Maybe I need to spend some time changing my own thoughts when I hear people make successful statements about themselves. Perhaps I need to brand it as confidence that leads to success rather than boasting that comes from it.
Brenna Fender is a dog sport journalist who writes for Clean Run Dog Agility Magazine, USDAA’s website and many other high profile dog publications. Courteous Canine, Inc. offers agility, pushball and dock jumping instruction. Courteous Canine, Inc. is a full service dog school that offers doggie day care, pet sitting, group classes and boutique boarding! Angelica Steinker the owner of Courteous Canine, Inc. is the author of Agility Success a book addressing the mental training aspects of agility training grab your copy at www.CleanRun.com.
You can’t choose what motivates your dog. By Brenna Fender
When I first got my Beagle from Tampa Bay Beagle rescue, I had to carry him off of his comfy spot on the sofa to deliver him to his crate every time I left the house. My other dogs all ran to their crates when cued in order to enjoy a bite of cheese, but Wrigley didn’t move a muscle. He knew what to do because I had already taught the “go kennel” behavior. He also liked cheese. But he still didn’t get off the sofa to go get his treat.
Because the comfort of the sofa was more powerful than the taste of cheese.
Wrigley, was not stupid or willfully disobeying me. He simply liked the sofa more than he liked the cheese. How could I (or you) handle a problem like this?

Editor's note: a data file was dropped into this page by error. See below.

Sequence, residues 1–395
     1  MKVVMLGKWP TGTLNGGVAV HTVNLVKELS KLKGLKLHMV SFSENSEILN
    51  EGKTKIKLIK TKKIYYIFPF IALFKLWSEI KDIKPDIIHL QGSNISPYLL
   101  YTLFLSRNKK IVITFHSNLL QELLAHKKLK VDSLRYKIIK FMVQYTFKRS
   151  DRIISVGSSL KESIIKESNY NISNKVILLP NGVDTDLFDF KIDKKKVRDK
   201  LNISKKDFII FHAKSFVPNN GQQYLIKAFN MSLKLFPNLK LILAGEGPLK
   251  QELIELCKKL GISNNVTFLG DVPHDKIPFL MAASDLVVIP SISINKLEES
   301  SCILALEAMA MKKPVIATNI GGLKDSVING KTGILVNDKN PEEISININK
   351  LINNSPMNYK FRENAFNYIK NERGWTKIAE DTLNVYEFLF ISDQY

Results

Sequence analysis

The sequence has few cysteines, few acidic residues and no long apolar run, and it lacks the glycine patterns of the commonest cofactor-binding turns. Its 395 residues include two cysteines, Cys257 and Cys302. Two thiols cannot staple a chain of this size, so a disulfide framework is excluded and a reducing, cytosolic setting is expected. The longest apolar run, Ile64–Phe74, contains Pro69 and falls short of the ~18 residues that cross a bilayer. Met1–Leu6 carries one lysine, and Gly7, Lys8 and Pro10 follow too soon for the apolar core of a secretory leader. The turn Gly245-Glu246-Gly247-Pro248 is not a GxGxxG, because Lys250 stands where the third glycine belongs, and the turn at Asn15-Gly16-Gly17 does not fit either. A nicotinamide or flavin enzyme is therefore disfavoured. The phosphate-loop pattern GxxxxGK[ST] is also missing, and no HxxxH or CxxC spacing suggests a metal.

• Try a variety of treats and rank the rewards by how much the dog seems to enjoy them. Any food that’s safe for dogs to eat can be used as a treat. Different kinds of meat, from cold cuts to hot dogs to chicken, all kinds of cheese, leftover pasta, and more…. Be creative! See if you can find a high-value treat that will motivate your dog to get off the couch (or do whatever it is you want him to do).
• Make his crate extra comfortable so that there won’t be such a discrepancy between the value of the crate and the value of the couch.
• Play games with the crate that involve going in the crate for treats and then immediately being released so he gets lots of food rewards for an investment of very little crate time. Thinking that he might only have to spend a little time in his crate might make exiting the sofa worth it.
Many trainers who compete in dog sports have chosen dogs that like to work and that find these activities inherently rewarding. They like moving and love working with their trainers. These dogs would trade a sofa, no matter how comfortable, for anything that involves activity. But I’m willing to bet that at least some of you have dogs that might prefer the sofa to the A-frame, to competitive obedience training, or even to coming when called. You have to think outside the box to find out what motivates your particular dog. It might be steak, or lasagna, or a squirt of spray cheese; it might be a tennis ball that squeaks, or a stuffed animal, or a rope to tug on; it might be a squirt with a hose, a game of fetch, or a toss of a flying disc.
It’s been years since my Beagle chose the couch over his crate. By combining the methods mentioned here, he now runs right to his kennel with the rest of the dog family. It can be a lot of work discovering what motivates your dog, but it’ll be worth it.
Happy Crate Training!
Brenna Fender is a Tampa Dog Trainer who writes for Courteous Canine, Inc. and attends dog sport classes at our main location! Courteous Canine, Inc. offers puppy kindergarten classes, basic manners, canine good citizen and pet therapy prep, agility, dog dock jumping, problem solving and behavior modification especially for aggressive dogs. We also offer boutique boarding, board and train, pet sitting and dog day care!